‘Patient Advisors’ Implemented to Inform Patients of Medical Decisions
According to an article published in American Medical News journal, $36.1 million of a $1 billion grant is being used to develop joint decision making between doctors and patients. The money will go toward hiring and training medical professionals to act as advisors for patients who must make health decisions relating to diabetes, hip, knee, and spinal surgery, and congenital heart failure.
The shared initiative is called the High Value Health Care Collaborative (HVHCC) and is made up of 15 health organizations, including Mayo Clinic, Scott & White Healthcare, and Beth Israel Deaconess Medical Center. HVHCC is led by scholars from Dartmouth College and Dartmouth-Hitchcock Health System. Shared decision making will include counseling from a “patient advisor,” who will be responsible for helping patients understand the risks, costs, purpose, and benefits of a procedure. William Weeks, MD, medical director of the HVHCC, believes that shared decision making will result in better informed patients, which will ultimately cut down on the cost of unnecessary procedures.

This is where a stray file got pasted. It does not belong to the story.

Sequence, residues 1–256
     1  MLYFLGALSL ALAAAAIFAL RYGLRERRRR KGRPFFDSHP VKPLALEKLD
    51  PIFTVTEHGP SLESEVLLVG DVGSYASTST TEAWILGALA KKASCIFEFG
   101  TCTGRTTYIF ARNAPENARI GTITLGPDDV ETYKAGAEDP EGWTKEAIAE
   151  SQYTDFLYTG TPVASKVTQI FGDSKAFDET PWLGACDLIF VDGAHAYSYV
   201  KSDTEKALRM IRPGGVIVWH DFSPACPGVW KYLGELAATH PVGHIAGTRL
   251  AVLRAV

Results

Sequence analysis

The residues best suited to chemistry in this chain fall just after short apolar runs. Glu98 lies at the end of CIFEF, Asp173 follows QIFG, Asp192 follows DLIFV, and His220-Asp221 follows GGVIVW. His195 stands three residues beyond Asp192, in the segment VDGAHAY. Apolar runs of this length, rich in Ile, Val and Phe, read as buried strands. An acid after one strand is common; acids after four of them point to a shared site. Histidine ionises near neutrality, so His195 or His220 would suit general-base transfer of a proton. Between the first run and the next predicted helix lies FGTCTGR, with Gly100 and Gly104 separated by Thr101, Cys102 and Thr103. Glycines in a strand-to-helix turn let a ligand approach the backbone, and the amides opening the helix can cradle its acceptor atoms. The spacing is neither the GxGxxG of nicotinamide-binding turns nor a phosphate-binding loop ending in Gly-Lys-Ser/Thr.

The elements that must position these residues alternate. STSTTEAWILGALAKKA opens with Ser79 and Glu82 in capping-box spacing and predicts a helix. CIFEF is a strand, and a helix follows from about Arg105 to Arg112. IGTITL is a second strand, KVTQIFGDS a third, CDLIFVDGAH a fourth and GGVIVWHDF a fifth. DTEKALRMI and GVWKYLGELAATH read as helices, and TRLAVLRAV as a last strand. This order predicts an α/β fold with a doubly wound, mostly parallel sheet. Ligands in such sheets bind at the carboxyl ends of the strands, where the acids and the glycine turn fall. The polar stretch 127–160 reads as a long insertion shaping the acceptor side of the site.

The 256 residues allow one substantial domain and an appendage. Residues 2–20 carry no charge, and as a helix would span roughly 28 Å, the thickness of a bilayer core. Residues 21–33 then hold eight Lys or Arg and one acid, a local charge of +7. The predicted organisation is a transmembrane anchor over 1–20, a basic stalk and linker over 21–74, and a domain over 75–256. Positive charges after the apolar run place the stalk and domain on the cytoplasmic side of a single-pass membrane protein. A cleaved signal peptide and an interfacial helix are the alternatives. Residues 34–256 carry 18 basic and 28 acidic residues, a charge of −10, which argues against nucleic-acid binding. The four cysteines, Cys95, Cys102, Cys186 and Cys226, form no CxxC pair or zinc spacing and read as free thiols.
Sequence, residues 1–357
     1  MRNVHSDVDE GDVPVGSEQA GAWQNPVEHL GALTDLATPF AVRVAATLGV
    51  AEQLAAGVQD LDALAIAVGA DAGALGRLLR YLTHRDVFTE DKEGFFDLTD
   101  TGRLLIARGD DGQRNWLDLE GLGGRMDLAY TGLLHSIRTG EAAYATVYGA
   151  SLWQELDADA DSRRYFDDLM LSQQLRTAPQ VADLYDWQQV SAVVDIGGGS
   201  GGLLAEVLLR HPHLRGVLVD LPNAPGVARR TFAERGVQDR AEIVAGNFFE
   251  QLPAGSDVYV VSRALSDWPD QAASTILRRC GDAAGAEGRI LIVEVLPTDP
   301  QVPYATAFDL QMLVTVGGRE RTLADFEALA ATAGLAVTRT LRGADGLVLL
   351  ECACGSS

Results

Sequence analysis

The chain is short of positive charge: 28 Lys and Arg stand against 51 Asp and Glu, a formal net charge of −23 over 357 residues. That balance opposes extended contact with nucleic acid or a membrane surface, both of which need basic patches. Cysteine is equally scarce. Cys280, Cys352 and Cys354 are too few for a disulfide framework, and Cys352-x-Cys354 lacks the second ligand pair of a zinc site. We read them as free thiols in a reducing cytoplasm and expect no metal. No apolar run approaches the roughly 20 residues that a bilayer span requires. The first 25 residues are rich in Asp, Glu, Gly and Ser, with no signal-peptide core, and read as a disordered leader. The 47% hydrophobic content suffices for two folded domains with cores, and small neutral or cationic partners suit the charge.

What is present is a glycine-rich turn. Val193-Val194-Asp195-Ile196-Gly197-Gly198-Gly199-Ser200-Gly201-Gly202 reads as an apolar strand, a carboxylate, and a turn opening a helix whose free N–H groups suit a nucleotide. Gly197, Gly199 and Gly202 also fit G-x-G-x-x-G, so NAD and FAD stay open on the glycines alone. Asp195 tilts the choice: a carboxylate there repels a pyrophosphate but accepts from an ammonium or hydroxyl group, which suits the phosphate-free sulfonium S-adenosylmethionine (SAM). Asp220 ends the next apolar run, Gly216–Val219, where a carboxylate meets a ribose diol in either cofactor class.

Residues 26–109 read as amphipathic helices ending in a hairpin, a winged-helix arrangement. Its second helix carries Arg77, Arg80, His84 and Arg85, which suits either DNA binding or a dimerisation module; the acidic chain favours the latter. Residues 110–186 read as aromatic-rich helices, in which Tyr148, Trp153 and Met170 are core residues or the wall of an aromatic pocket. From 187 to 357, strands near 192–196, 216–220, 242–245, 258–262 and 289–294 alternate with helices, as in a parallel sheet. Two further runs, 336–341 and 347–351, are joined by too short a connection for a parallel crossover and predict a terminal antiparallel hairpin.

The idea of implementing patient advisors comes from the tradition of one-on-one conversations between a doctor and patient, a less formal way of sharing information. HVHCC reported that there would be approximately 48 patient advisors hired over the next three years to work with patients and their families. The current approach to informing patients includes educational videos and online material, aids that are sold to health plans, hospitals, and physician practices. HVHCC hopes to find a way to incorporate the system of patient advisors into smaller practices as well as hospital settings.
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